A few weeks ago a very kind friend gave me some runner beans. Shame on me I didn’t know exactly what they were! I know it’s stupid. I can see you rolling your eyes. In my defense though, I never really seen them, or ate them, neither here nor in Malta. (I could have been living on Mars…) On the rock (what we *Maltese*, not *Maltesers* please, sometimes affectionately call our little island) you can get broad beans, known as ful, almost everywhere. Many like to eat them raw, shelled of course, with their outer coating removed. There’s something therapeutic about doing all this while watching your favourite tv show. (Like CSI perhaps?) In Malta you can find them cooked in minestra (a variant of the Italian minestrone), simply cooked with garlic and tomatoes, or in our famous bigilla, a tasty concoction which has cooked beans as the base ingredient, crushed, to which you add olive oil, garlic, chilli if you like spice and any herb you fancy. Anne and Helen Caruana Galizia suggest using either marjoram or mint – the latter grows like you wouldn’t believe in Malta. (See The Food and Cookery of Malta, Pax, 1999.)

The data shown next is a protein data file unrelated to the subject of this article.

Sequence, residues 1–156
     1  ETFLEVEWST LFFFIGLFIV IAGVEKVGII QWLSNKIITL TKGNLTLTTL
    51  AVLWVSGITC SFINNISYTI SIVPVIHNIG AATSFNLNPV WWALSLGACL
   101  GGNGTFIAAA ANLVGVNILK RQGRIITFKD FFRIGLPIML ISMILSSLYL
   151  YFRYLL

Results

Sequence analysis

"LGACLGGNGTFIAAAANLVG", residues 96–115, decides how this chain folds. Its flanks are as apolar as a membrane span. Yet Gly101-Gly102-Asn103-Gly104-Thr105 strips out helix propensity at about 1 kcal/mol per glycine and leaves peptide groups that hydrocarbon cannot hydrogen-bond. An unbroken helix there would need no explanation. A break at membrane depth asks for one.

We were talking about runner beans…? Yes. So I didn’t know what to do with them. J kept telling me that they don’t need to be shelled, but I would’t listen. I did eventually though and after doing some quiet research (quiet because he didn’t see me, ha!) I simply washed them, sliced them diagonally, sort of diamond-shaped, finally chopped an onion, squashed two cloves of garlic, chopped some chorizo and some fresh parsley, lightly cooked everything up in a pan and bam, it’s ready.
In the meantime I had a couple of rainbow trout in the oven and there you have a great meal on the table in 30 minutes. The same method and ingredients can also be used with any kind of green vegetable. Kale is fantastic and full of good things, and broccoli too. You won’t have any excuse not to eat your veg or 5-a-day. Enjoy!